the bands motives in revisiting vintage material and
wheeling out the guest stars? "The decision to remind
people of the energy of those original songs was important
because we went away. We were not a band like the Who or
the Stones that just carried on and everybody grew old with
we took a long holiday.
artist likes to better what they did originally, and I really
prefer a lot of our interpretations now to the originals.
The originals were done in a short amount of time, and the
production was crap. It was very interesting to go back
and stage the play again, so to speak. And anyway, the album
is a mix of new and old, and the old material has subtle
changes, and of course those guests really knocked their
socks off to put something special into those songs. When
I listened to the reference master, I tried to distance
myself. And I realized that this band still has that urgent
edge. Theres blood and sweat, which is what this album
what of those who would accuse the band of cashing in now
that its musical approach has become popular again? "That
garage sound never really went away," Dreja replies.
"Ive been hearing it all over the place for years,
and for some reason its fashionable again. But thats
not us picking up the phone saying, Hey man, its
all coming back. Lets get out there and make an album.
We were way ahead of that. It just sort of happened that
the albums coming out at a time when the Hives and
the Strokes are getting a bit of press. And believe me,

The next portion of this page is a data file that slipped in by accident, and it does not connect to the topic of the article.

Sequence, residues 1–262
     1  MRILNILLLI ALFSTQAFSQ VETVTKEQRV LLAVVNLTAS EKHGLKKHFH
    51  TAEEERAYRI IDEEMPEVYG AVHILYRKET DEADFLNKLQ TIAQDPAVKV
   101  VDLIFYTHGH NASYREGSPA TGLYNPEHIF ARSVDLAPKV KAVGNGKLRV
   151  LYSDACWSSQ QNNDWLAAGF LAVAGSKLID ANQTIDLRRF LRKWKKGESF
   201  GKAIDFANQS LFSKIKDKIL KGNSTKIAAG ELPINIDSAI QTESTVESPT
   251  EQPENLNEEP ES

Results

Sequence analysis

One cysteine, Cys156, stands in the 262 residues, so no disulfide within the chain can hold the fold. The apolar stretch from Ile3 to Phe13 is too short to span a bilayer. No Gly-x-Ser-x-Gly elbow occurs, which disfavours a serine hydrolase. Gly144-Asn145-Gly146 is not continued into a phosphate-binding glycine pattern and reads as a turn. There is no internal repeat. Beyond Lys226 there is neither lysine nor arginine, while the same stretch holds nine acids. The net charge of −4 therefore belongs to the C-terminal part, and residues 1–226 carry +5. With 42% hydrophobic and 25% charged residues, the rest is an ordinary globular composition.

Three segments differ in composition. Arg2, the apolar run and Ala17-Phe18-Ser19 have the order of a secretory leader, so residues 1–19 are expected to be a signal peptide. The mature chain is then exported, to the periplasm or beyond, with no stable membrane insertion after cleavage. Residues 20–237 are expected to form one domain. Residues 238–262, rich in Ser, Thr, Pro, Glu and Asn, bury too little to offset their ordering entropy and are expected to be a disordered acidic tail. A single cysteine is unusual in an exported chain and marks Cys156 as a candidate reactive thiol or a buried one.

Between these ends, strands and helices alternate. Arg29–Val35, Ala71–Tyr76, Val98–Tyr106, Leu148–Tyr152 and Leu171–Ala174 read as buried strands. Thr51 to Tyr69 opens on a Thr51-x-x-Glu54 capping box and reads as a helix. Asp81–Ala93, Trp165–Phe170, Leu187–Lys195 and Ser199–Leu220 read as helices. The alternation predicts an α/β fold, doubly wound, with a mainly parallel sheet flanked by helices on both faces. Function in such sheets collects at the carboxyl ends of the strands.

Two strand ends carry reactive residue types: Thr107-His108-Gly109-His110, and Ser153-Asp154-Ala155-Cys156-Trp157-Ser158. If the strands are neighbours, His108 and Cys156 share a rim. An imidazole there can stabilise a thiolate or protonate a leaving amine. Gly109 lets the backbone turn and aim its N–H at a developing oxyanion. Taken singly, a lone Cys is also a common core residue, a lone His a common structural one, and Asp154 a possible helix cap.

its not easy getting a record deal after 35 years,"
he says with a rueful laugh, "especially with all the
reshuffling at the major companies, who were dropping very
good acts themselves. Steve came along and said if we could
do it this way, hed love to do an album. He was really
he did a great solo too." Shrewd move, Chris, giving
props to the label head.
was at Londons Festival Hall last year when the White
Stripes played some Yardbirds songs with none other than
Jeff Beck in a sort cross-generational rave-up. "I
spoke with Jack the singer afterwards," Jim recalls,
"and he was very complimentary towards me. The set
with Jeff was exciting and full of youthful enthusiasm."
Yardbirds are channeling a similar enthusiasm, three-and-a-half
decades down the line, as these inveterate rock & rollers
wail away, still capable of achieving godhead, still having
be extremely fascinating to see what happens who
lambastes us, who doesnt," Dreja reflects. "We
are obviously going to come to America and work the album;
its very important to us. None of us are youngsters,
of course, and we dont know how many years left of
touring there may be. So this is going to be a pivotal moment
for us, no doubt. But this is a band. That is what
the Yardbirds are warts and edginess and all. Its
the real thing."